When it comes to cannabis, growing is half the process with the other half being drying and curing. These are the required steps before you can have that fresh, perfect smoke you desire from your bud, or your desired effect from your edibles.
The point of curing & drying
To beginners, this step seems like a waste of time, but once you gain experience you will realize it is absolutely essential. Fact is, skipping the curing and drying process could make all that time, energy, and money (!) growing your cannabis plant go to waste. Curing cannabis properly is critical in order to produce high quality buds.
Increasing the potency of your buds is probably the primary reason to cure cannabis. To break it down, consider that cannabis naturally produces THCA (tetrahydrocannabinolic acid) as well as cannabinoids through biosynthesis. This mechanism involves converting compounds into different mixtures. For example: the conversion of THCA to THC or tetrahydrocannabinol, the main psychoactive compound within cannabis.
What you may not realize is that is that biosynthesis doesn’t stop when you cut your marijuana plants. Therefore, storing your cannabis in the appropriate conditions is important which can lead to the process of non-psychoactive cannabinoids in the plant turning into THCA. Once you decarboxylate the buds by smoking them later this means more THC, since there will be more THCA to form it. Thus, the more THC in the plant, the stronger the potency. In order for this biosynthesis to continue, keeping the humidity in your storage area between 45-55% and the temperature between 15.5-21.1°C.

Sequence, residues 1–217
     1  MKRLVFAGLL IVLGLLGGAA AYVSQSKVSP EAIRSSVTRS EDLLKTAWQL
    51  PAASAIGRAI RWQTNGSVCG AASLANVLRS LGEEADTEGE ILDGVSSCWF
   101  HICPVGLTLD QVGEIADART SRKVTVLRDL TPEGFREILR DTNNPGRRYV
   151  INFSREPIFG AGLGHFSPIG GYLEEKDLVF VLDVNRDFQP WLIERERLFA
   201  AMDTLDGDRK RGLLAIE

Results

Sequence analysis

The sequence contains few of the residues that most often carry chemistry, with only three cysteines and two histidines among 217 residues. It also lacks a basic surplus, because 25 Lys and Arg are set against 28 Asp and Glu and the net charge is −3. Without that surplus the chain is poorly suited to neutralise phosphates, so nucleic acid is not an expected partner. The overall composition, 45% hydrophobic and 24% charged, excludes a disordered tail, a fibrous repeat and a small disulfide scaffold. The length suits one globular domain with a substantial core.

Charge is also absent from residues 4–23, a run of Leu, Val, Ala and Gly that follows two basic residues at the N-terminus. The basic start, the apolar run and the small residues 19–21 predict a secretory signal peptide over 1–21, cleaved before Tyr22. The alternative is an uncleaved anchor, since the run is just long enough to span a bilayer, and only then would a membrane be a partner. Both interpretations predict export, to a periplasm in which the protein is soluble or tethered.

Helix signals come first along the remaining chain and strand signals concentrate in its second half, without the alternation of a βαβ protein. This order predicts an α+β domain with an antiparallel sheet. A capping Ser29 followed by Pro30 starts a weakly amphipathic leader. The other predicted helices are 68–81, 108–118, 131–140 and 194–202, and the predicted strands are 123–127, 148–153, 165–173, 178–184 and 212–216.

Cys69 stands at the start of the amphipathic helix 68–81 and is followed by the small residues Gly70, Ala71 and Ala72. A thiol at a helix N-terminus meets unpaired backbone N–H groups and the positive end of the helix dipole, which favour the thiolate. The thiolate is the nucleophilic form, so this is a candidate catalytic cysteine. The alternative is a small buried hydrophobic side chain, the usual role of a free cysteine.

Curing of your cannabis will in fact also increase its shelf-life. If cured in the correct manner, in addition to lasting longer in storage, you will not have to concern yourself with losing any cannabinoid content or the growth of mold.
In the industry, cannabis is rated on a scale of AA, AAA, and AAAA. Accurate drying and curing of cannabis leads to a higher rating and in turn, improved smoke and flavour. While what is considered good differs from strain to strain and the user themselves, there is a general agreement that proper care leads to improved flavour.
The process of curing and drying in optimal conditions will augment the environment for aerobic bacteria and the enzymes that break down the sugars and leftover minerals that aren’t needed.
Would you eat food that has mold on it? Same thing goes for buds; no one likes moldy buds! That is why the drying step is essential. Even if there’s a little bit of mold it can contaminate your entire batch of buds and turn it unsafe to use.
How to properly dry cannabis buds
You now understand the why, but now it’s time to learn the how. There is not clear cut way on how to dry as it depends on the grower’s preferences which can lead to slight variations from one to the next. Here at Freshly Rated Cannabis we dry as follows:
- Designate a dark room where the temperature can be easily manipulated.
- Maintain the temperature between 15.5-21.1°C and the humidity between 45-55%.
- Construct a system where air will be properly circulated (with fans, etc.)
Naturally, to keep your curing room within these conditions you will need a dehumidifier and air conditioner to help maintain it or else the flavour and smell of your bud may be affected.
The type of cut determines your drying
How you harvest your plants will determine how your drying setup will be organized.
Generally, growers will cut branches that range from 12 to 16 inches from their marijuana plants. The leaves are then removed and the branches are hung off a wire or string.